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, E., Ganal, M.W., Röder, M.S. 2000b. Isolation and mapping of microsatellite markers specific for the D genome of bread wheat. Genome 43 :689–697. Röder M.S. Isolation and

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92 1073 1077 Korzun, V., A. Bömer, A.J. Worland, C.N. Law and M.S. Röder, 1997: Application of microsatellite markers to distinguish intervarietal

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microsatellite markers. Theor. Appl. Genet. 105 :699–707. Ganal M.W. Assessing genetic diversity of wheat (Triticum aestivum L.) germplasm using microsatellite markers

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Plaschke J., Ganal M.W., Röder M.S. (1995): Detection of genetic diversity in closely related bread wheat using microsatellite markers. Theor. Appl. Genet. 91:1001–1007. Röder M

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Powell, W., Morgante, M., Andre, C., Hanafey, M., Vogel, J., Tingey, S., Rafalski, A. 1996. The comparison of RFLP, RAPD, AFLP and SSR (microsatellite) markers for germplasm analysis. Mol. Breeding 2 :225

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., Morgante, M., Andre, C., Hanafey, M., Vogel, J., Tingey, S., Rafalski, A. 1996. The comparison of RFLP, RAPD, AFLP and SSR (microsatellite) markers for germplasm analysis. Mol. Breeding 2 :225–238. Rafalski A

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Cereal Research Communications
Authors: F. Akfirat, Y. Aydin, F. Ertugrul, S. Hasancebi, H. Budak, K. Akan, Z. Mert, N. Bolat, and A. Uncuoglu

microsatellite markers linked to a powdery mildew resistance gene in wheat line “Lankao 90(6)”. Plant Breeding 127 :346–349. Shen T.M. Chromosome location and microsatellite markers linked

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Acta Biologica Hungarica
Authors: Petra Zenke, Á. Maróti-Agóts, Zs. Pádár, and L. Zöldág

Demand for correct and cost-effective genetic-based identification and parentage control has increasing importance in domestic animals, including dogs. In our study the applicability of a canine hyperpolymorphic microsatellite marker — which localized in the WILMS-TF (tumor factor) gene — was examined in mixed breed and purebred canine populations. The redesigned and shortened amplicons were genotyped using an allelic ladder which was constructed from sequence verified fragments. The nomenclature for allele calling based on repetition structures is suitable for international comparisons. Our study justified the potential use and efficiency of the marker D18S12 in parentage control.

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5937 5943 Huang, X.Q., Börner, A., Röder, M.S., Ganal, M.W. 2002. Assessing genetic diversity of wheat ( Triticum aestivum L.) germplasm using microsatellite markers. Theor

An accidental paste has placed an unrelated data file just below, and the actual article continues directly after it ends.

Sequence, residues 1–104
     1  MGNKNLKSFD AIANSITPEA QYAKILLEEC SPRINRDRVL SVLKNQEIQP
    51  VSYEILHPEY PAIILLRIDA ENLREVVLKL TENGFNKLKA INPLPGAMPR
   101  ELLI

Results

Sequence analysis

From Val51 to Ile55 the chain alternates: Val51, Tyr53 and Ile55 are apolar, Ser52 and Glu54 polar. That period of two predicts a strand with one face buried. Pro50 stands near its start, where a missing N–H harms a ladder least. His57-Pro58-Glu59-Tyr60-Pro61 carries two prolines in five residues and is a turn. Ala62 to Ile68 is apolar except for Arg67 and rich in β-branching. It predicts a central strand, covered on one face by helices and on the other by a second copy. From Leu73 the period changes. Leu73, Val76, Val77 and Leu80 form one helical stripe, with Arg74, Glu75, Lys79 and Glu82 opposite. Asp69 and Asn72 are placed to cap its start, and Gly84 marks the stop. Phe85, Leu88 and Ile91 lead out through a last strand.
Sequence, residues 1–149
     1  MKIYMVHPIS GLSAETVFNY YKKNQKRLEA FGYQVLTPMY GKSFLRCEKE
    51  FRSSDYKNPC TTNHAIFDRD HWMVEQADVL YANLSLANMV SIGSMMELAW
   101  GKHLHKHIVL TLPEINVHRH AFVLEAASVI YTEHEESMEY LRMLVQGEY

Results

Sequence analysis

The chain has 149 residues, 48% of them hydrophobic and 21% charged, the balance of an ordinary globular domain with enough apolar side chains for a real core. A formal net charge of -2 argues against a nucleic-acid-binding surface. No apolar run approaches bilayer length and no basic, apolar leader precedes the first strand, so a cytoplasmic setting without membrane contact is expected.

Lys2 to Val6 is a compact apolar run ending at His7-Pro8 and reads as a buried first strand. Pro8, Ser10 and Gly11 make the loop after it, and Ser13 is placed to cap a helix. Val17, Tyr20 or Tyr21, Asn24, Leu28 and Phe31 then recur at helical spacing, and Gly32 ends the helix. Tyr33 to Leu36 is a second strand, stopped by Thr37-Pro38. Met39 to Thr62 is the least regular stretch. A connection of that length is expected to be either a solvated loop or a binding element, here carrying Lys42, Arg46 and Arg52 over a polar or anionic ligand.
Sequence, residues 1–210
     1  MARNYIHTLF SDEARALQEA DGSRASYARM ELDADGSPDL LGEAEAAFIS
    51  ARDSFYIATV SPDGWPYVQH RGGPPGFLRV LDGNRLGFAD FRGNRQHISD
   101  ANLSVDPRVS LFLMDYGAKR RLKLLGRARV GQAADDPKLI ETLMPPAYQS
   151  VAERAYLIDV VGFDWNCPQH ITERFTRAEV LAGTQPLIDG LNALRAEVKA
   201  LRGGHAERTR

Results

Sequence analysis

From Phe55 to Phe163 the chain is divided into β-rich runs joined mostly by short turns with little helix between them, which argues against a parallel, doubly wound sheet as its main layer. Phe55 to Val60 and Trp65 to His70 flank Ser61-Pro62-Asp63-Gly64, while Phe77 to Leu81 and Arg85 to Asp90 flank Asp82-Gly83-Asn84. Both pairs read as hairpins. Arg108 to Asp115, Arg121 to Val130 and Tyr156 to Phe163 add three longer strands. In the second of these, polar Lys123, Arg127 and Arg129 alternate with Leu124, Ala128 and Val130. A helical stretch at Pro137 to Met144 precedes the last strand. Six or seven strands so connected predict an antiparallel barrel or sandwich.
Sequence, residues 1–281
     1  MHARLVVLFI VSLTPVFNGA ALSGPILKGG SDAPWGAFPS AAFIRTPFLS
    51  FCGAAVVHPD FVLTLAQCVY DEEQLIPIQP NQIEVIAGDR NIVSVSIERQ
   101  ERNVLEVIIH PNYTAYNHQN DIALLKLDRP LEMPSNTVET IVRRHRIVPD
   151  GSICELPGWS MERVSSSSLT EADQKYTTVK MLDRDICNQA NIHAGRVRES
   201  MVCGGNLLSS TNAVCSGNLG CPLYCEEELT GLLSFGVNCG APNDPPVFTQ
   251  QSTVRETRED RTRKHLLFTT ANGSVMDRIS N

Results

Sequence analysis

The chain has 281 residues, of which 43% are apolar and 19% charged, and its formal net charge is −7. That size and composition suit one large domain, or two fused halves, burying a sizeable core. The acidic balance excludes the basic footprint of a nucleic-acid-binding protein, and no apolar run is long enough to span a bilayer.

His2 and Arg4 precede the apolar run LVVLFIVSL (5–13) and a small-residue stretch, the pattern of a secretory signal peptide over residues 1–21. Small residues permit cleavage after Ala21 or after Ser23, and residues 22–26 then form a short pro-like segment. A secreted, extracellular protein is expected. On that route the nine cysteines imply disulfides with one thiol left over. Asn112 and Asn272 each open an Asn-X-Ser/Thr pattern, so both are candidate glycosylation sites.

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Grain protein content (GPC) in durum wheat is a crucial determinant of pasta quality and as such is an important economic factor. This study was carried out to determine the microsatellite markers (SSRs) as associated with GPC in durum wheat grown under normal and moisture stress conditions. F3 and F4 population derived from 151 F2 individuals developed from a cross between Oste-Gata (drought tolerant) and Massara-1 (drought susceptible) genotypes, were used. The population was evaluated under four environmental conditions (two irrigation regimes in two growing seasons). The results of single marker regression analysis (SMA) revealed that 2, 4 and 10 markers to be associated with GPC, test weight (TW) and 1000 grain weight (TGW), respectively. These markers explained between 4.4 and 21.8% of the phenotypic variation in either environmental condition. The most significant marker observed for GPC was located on 5B chromosome near Xgwm408 under normal conditions and the other marker was observed on 1A, explaining about 15% of phenotypic variance. However, it was not recognized any marker related to GPC under drought stress conditions. Xgwm408 marker was coincident with the markers identified for TW, TGW and components of grain yield under drought stress conditions. In spite of 5B, the other chromosomes such as 2B and 3B were related to quantitative traits like TW and TGW. Composite interval mapping (CIM) identified 4 and 5 putative minor and major QTL for TW and TGW, respectively. Two QTL near Xbarc101 and Xbarc124 markers on 3B and 2B chromosome, explained up to 45.2 and 6% of phenotypic variations of TGW and TW, respectively.

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